Separation Agreements

Separation Agreements

What is a Separation Agreement?

A separation agreement is a contract between spouses that resolve issues related to the division of assets and debts, alimony or spousal support, child custody, and/or child support. A separation agreement may be called separation papers, marriage settlement, marriage separation, divorce agreement, or legal separation papers. Not all issues have to be included in an agreement. An agreement may be submitted to the court or filed with the court. Sometimes this is done as part of the divorce judgment. If a separation agreement is included as part of a divorce judgment it becomes an order of the court.

When is a Separation Agreement a Good Idea?

An agreement is an excellent idea if you and your spouse are on good terms. And you are both in agreement on important issues. If you have decided together how you would like your property divided, how much alimony is going to be paid and for how long, how you will share time with your children, and how much child support will be paid then it’s a good idea for you.

Is a Separation Agreement Required for Divorce?

Generally, an agreement is not required for divorce. However, in some states, a divorce prevents you from bringing claims for equitable distribution and alimony in the future. These claims need to be preserved before the divorce is granted.

What can be included in the Settlement?

Child Custody 

If there are children, a separation agreement may cover child custody and child support. The agreement may also provide for children beyond any legal support obligations, such as paying for their college education. We typically recommend that parents use a consent custody order for memorializing a custody agreement and child support rather than including these issues in a separation agreement. Because a separation agreement is a contract and not a court order, custody and child support are not easily enforced in an agreement.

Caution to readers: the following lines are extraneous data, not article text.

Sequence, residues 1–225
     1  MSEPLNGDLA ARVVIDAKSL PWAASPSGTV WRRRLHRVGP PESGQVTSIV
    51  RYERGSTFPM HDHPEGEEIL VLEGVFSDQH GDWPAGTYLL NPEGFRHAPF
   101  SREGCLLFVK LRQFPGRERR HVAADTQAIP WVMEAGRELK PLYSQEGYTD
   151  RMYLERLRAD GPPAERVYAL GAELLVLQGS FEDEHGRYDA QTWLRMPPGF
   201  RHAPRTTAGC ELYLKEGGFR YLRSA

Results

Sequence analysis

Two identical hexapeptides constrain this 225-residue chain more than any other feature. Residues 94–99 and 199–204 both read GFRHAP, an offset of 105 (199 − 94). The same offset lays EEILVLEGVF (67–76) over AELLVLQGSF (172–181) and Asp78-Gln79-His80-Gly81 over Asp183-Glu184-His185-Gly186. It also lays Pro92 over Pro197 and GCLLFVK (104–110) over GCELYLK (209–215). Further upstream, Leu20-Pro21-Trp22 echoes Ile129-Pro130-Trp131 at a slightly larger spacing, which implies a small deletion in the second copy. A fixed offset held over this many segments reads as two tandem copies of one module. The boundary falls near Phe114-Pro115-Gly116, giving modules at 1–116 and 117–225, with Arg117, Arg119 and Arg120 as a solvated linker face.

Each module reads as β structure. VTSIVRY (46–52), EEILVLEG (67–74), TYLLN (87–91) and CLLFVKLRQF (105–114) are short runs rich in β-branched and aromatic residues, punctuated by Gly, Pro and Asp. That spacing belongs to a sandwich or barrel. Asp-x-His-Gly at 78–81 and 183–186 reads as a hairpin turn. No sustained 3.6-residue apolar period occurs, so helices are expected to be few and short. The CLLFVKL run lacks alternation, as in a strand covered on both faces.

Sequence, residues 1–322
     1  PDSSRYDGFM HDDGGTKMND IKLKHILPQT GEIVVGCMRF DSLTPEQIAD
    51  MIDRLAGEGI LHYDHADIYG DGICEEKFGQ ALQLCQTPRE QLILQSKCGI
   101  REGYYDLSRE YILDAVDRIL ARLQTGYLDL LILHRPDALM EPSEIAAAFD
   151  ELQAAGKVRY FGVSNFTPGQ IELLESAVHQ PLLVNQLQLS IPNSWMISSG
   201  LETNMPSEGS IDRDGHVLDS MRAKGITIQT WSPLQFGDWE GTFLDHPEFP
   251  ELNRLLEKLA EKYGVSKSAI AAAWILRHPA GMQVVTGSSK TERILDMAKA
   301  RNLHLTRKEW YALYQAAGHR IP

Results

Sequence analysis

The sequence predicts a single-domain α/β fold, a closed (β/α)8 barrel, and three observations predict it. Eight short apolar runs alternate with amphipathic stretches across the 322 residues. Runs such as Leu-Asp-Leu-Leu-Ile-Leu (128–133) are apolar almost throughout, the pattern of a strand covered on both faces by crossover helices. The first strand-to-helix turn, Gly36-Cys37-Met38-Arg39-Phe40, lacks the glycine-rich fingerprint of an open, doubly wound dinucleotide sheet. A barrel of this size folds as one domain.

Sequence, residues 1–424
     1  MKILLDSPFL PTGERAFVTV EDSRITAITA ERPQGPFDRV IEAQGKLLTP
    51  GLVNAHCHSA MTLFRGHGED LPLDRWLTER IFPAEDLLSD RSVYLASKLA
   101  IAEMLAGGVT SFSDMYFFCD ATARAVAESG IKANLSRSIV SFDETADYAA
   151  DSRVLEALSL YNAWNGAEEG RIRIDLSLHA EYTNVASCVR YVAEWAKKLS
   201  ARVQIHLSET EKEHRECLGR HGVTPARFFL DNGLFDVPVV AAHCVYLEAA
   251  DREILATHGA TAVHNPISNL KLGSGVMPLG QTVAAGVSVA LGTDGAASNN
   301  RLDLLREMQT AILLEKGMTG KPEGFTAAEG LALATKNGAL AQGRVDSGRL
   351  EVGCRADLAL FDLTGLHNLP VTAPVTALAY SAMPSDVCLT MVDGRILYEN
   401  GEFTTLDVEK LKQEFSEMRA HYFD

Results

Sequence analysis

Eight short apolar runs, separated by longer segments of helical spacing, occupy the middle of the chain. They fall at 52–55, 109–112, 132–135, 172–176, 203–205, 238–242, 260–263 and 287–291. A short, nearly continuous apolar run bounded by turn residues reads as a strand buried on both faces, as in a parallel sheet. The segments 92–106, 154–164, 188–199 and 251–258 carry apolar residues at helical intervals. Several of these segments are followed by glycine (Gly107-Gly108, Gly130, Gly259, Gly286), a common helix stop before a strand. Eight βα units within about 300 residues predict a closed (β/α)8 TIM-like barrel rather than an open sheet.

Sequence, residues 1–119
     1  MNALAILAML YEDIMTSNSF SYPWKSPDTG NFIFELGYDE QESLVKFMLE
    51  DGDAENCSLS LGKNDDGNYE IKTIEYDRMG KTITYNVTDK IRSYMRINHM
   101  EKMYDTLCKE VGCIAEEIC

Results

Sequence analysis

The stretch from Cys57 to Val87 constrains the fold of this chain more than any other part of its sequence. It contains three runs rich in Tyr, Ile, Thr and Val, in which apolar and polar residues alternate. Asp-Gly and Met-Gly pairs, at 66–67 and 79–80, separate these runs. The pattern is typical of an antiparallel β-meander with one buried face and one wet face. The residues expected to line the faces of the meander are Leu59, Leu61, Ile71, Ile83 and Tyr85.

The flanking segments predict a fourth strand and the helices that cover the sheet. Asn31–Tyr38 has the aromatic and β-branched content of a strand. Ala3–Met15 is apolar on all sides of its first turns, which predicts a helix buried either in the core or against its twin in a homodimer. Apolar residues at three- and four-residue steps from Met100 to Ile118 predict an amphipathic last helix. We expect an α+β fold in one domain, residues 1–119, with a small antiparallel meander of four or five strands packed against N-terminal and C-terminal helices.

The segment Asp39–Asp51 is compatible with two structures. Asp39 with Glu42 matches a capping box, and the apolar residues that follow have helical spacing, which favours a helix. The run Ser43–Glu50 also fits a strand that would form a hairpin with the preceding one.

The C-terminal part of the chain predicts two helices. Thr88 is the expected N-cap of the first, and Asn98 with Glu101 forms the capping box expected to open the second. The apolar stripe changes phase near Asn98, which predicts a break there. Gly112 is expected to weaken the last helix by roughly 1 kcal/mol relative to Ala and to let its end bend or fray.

Equitable Distribution 

A separation agreement can provide for how property and debt will be divided between the parties. The agreement can provide for how retirement accounts, 401K accounts, pensions, and businesses are divided.

Alimony 

Alimony payments should be specific as to amount, the frequency of payments, when payments will stop, and when alimony will terminate. The agreement can also specify whether alimony terminates upon the recipient’s remarriage or the payor’s death. It’s also a good idea to determine if alimony included in an agreement can be modified by the court at a later or date.

Is the agreement binding?

An agreement that is properly executed is binding. Each state has its own requirements for what makes an agreement binding. Generally, a separation agreement is binding if:

  1. Signed by both parties in the presence of a notary public.
  2. Entered into freely with each party.
  3. Is not so unfair as to be egregious.

A separation agreement is a private contract between spouses. If either spouse violates its terms, the other may bring a civil suit for breach of contract. If the agreement is later incorporated into a judicial divorce decree, however, it becomes a court order punishable by contempt for noncompliance.

Because the separation agreement is a contract, each spouse should retain his or her own counsel to ensure they receive independent legal advice with no risk of a conflict of interest. Many lawyers will not represent both parties to a separation agreement for just that reason.

What is the difference between separation and a divorce?

Divorce happens when the judge signs the divorce judgment or divorce decree. Individual states have laws about how long you must be separated before the judge can sign the divorce judgment. The divorce judgment legally ends your marriage rights and responsibilities.

Separation usually means living separate and apart. You are still legally married until you receive the signed divorce judgment from the court. You could choose to reconcile, live separated, or divorce. You cannot remarry until you are divorced.

A separation agreement is often used to determine how you will share parenting time with your children, the amount of child support that will be paid, how your house, car, and retirement accounts will be divided, and whether anyone will pay alimony, the amount of alimony, and the duration of support.

Can I prepare an agreement on my own?

You can prepare and sign an agreement on your own. But the right question to ask is, should you do it yourself? You may do it on your own if there are no children involved and you own very little property and/or assets. However, it’s best to seek the legal help of a divorce attorney. If there are children, debt, property involved it’s especially important to have an attorney draft the agreement. It’s worthy to note that once this agreement is signed by both parties and notarized, it’s unlikely for the court to change what the parties agreed on.


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